Get plenty of sunshine.
Sunlight acts as the body’s regulator. Special cells in the eyes absorb blue light and send signals directly to the area of the brain that controls sleep. Once the brain gets the signal, it starts suppressing sleep hormones. For your sleep hormones to be fully charged and ready to fire at night, they have to be kept locked up during the day. Plenty of light makes sure they’re not flowing when you’re awake and fully prepared for release at night.
Make your bedroom comfortable.
Environmental factors can make or break your sleep. A mattress that relieves pressure points and supports your spine, pillows that keep your neck aligned, and breathable bedding keep you comfortable. The bedroom should also be cool, dark, and quiet so there are no distractions or disruptions.
Love your bedtime.
Your bedtime should be your best friend. Be consistent. Your brain will anticipate your bedtime and release hormones to keep you on schedule.
Create a routine.
Bedtime routines are for everyone. They relieve tension and help you transition into a calm state. Routines can include anything that relaxes you. Favourites like reading a book and a warm bath are popular traditions because they work well. Meditation and yoga are less traditional options that have great benefits for both mind and body. The key to a bedtime routine that works is performing it at the same time and doing everything in the same order.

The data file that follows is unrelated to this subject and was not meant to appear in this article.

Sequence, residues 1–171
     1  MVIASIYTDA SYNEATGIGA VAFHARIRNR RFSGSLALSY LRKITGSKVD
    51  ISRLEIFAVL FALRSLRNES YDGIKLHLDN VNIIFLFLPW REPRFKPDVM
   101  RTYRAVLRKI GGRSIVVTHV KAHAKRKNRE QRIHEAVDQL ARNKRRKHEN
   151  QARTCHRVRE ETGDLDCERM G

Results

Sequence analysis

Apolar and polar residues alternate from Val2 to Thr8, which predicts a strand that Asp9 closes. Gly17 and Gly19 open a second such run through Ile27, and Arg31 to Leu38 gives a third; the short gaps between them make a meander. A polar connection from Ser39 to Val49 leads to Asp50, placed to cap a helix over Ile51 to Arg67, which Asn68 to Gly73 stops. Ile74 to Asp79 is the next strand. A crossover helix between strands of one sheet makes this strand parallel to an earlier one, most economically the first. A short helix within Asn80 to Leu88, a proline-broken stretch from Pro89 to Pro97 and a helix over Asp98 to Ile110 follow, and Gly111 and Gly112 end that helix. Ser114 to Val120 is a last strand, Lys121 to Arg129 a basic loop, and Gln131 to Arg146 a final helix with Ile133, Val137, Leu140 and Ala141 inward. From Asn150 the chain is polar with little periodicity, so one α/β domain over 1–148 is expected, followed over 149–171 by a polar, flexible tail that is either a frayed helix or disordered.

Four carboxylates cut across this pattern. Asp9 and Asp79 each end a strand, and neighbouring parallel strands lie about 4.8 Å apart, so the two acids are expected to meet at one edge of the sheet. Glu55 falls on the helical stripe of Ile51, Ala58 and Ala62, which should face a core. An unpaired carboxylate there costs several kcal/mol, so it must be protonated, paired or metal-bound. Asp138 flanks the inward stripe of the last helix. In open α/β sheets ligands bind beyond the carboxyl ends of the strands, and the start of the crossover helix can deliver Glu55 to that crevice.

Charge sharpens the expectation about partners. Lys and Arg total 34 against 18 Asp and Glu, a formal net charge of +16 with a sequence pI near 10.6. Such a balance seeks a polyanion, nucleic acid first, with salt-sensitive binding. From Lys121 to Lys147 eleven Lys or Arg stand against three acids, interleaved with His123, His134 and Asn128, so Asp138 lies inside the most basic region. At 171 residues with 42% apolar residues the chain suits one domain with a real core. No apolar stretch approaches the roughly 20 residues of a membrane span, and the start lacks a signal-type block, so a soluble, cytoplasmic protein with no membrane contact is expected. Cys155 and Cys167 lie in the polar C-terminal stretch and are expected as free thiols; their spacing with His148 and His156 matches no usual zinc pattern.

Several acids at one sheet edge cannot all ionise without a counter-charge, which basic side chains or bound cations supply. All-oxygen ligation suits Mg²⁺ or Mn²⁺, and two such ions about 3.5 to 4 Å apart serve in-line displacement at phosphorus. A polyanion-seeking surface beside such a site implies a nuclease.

Caffeine gets in the way of sleep because it blocks sleep hormones for hours after it’s ingested. It generally takes four to six hours to work its way through the body. However, how long it affects you will depend on your personal biochemistry. Err on the safe side, and stop drinking stimulants in the early afternoon.
Advances in technology always come with unexpected side effects. Laptops, televisions, e-readers, and cellphones can all emit a bright light that falls on the same spectrum as sunlight. The body reacts in the same way, by suppressing sleep hormones. Too much screen time before bed can delay the start of your sleep cycle. To limit their effects, turn off your screens two to three hours before bed.
Follow a healthy eating schedule.
Meal timing plays a role in your sleep cycle. Try to eat your meals on a regular schedule. What you eat can influence sleep too. Heavy, fatty foods that cause indigestion or heartburn can keep you awake. If you’re prone to these issues, early light dinners can help you sleep better.
Sleep gives you the best chance of beating fatigue when you’re driving. Give your body the time it needs to rest and recuperate. And drive responsibly. If you’re struggling to stay awake, take action immediately. Fatigue isn’t just inconvenient. It’s a danger to everyone. Adequate sleep is your way to alert, safe driving.
Alicia Sanchez is a researcher for the sleep science hub Tuck.com with a specialty in health and wellness. A Nashville native, Alicia finds the sound of summer storms so soothing that she still sleeps with recorded rain on her white noise machine.